Former presidential hopeful Bernie Sanders joined comedian Sarah Silverman on stage to look back on the election, help his supporters find a new path forward and give his take on Donald Trump.
Sanders was promoting his new book, “Our Revolution,” that came out earlier this month.
Sanders told the audience that it would be a mistake to assume that the only reason Trump won was because his supporters are “racists, sexists and homophobes.”
“What he touched on in many, many parts of this country is a pain and a level of despair that you never, ever see on television,” Sanders said. “A lot of people are suffering, a lot of people are hurting and they need a party which brings them into the process.”
At the same time, Sanders spoke openly about his dislike of Trump himself - combined with a call to action.
Sanders says he’s having a hard time calling Trump the president-elect pic.twitter.com/Re0Be4O8bV— Christine Mai-Duc (@cmaiduc) November 30, 2016
“As we try to figure out how best to deal with a President Trump, and I’m as reluctant as you to say that phrase,” Sanders told the audience, “please do not believe that members of Congress can do this alone. We need a mass movement of millions of people who are engaged.”
In that spirit, Sanders also warned that the Democratic Party “cannot be the party of the liberal elite” and that it is not enough to back candidate solely because she is a woman, or because he is gay.
Most of the talking was done by Sanders, but Silverman led the groundwork with snarky comments and questions.
Tongue-in-cheek Silverman quips: “Are Jews people?” Sanders laughs before responding that the job before us is to reject econ scapegoating— Christine Mai-Duc (@cmaiduc) November 30, 2016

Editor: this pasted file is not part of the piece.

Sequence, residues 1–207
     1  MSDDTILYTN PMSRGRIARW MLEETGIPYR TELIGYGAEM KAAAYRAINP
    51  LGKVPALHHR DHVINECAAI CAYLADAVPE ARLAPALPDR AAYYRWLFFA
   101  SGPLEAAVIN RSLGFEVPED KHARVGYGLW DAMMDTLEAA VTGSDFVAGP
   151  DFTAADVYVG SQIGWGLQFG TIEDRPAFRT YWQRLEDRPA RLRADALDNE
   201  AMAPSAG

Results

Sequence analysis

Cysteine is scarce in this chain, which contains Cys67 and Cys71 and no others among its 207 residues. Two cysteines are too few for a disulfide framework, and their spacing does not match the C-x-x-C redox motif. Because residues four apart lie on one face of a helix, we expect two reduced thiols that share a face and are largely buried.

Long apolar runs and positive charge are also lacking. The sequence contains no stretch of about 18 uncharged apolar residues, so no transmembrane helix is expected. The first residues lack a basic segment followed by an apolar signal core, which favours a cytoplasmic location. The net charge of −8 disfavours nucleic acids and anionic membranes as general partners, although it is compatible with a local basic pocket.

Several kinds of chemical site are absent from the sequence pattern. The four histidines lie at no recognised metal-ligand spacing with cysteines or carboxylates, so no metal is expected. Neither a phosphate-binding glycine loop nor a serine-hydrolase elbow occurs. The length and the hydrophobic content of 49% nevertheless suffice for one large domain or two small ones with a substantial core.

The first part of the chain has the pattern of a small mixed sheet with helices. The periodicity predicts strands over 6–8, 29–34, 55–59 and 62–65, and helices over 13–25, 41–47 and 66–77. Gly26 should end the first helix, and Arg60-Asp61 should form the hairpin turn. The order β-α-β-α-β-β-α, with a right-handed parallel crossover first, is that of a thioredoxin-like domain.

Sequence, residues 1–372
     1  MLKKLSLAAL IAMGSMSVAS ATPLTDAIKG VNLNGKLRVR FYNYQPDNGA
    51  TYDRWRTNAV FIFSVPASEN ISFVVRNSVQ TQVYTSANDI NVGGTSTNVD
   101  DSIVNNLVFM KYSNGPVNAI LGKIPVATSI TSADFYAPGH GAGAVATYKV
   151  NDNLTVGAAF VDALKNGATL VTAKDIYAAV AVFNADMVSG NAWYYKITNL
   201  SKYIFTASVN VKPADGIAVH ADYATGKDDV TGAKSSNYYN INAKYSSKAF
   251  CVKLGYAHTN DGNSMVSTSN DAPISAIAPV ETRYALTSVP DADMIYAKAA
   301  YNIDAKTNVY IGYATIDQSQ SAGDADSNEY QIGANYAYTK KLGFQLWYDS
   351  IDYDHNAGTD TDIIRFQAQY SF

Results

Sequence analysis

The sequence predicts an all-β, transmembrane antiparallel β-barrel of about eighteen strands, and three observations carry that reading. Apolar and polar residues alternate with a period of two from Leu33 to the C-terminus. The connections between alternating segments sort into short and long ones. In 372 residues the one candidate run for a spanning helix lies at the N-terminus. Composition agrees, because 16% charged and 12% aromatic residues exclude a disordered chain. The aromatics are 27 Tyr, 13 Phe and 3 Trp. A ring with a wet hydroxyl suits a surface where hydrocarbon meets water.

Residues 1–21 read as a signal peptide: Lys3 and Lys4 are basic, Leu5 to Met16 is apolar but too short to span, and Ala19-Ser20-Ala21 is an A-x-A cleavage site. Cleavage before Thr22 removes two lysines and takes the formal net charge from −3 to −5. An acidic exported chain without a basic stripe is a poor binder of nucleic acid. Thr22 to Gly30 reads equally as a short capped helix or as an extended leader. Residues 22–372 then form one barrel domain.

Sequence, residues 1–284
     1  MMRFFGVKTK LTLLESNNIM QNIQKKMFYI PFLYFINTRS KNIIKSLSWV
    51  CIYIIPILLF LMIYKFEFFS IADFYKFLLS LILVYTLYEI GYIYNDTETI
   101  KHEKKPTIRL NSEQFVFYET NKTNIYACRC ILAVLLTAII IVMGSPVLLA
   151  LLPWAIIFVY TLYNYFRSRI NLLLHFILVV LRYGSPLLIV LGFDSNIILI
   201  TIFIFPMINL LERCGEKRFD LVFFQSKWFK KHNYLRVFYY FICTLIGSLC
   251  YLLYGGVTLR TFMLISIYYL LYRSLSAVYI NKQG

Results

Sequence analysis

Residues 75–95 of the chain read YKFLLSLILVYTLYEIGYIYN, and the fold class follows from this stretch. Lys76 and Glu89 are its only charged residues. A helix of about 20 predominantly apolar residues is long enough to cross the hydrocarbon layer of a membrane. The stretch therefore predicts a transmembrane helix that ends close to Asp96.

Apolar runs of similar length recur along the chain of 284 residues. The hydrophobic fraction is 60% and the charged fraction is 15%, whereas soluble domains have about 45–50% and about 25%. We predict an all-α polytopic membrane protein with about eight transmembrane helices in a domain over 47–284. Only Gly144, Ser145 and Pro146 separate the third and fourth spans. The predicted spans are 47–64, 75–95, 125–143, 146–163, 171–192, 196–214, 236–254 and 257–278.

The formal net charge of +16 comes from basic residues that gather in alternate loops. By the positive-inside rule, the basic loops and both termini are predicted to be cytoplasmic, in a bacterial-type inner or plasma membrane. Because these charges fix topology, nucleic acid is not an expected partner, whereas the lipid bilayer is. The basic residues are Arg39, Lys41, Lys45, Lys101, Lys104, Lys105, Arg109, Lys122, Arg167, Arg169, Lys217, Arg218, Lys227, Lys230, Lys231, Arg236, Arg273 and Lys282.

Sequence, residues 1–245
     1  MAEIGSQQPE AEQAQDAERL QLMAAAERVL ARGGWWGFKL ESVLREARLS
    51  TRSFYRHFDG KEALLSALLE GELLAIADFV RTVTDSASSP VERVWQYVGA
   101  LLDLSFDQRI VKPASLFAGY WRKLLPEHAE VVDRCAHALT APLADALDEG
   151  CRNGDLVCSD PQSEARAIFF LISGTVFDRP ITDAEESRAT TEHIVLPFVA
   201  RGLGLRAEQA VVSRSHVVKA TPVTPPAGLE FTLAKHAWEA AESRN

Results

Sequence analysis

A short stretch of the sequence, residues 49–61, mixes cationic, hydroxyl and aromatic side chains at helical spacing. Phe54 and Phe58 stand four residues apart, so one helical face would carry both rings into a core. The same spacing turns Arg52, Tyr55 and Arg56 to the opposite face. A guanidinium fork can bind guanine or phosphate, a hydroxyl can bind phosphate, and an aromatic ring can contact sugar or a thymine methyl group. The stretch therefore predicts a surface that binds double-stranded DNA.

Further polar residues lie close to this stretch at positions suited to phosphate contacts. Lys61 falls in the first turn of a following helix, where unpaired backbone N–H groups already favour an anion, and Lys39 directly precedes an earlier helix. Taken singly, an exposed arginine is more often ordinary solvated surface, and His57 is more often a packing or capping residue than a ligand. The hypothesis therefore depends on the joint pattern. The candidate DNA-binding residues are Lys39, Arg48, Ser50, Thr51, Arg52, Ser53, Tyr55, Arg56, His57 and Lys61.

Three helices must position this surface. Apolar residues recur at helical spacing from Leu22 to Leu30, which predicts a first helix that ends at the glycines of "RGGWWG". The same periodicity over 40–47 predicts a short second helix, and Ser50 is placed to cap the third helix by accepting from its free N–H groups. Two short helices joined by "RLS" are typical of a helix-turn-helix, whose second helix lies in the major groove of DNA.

Silverman was a frequent Sanders surrogate on the campaign trail, but during the Democratic National Convention she said she would proudly vote for Clinton and called the “Bernie or Bust”-movement ridiculous.
In “Our Revolution,” the Vermont Senator looks back at his campaign and urges his supporters to continue the political revolution.
“He outlines a progressive economic, environmental, racial, and social justice agenda that will create jobs, raise wages, protect the environment, and provide health care for all and ultimately transform our country and our world for the better,” the book description reads.
When Sanders touched upon these topics - that also included free college tuition and pay equality for women - during his discussion with Silverman, he got sustained applause.
He also said that if he had been elected, he would have shifted the governmental relationship with Native Americans. “Man, I wish you were president,” Silverman responded.
Lilly Maier is a news intern at the Forward. Reach her at email@example.com or on Twitter at @lillymmaier
Lilly Maier is a news intern at the Forward. She is a graduate journalism student at New York University, where she studies as a Fulbright scholar. She also holds a B.A. in Jewish history from the University of Munich.
Contact Lilly at firstname.lastname@example.org , read her portfolio , or follow her on Twitter .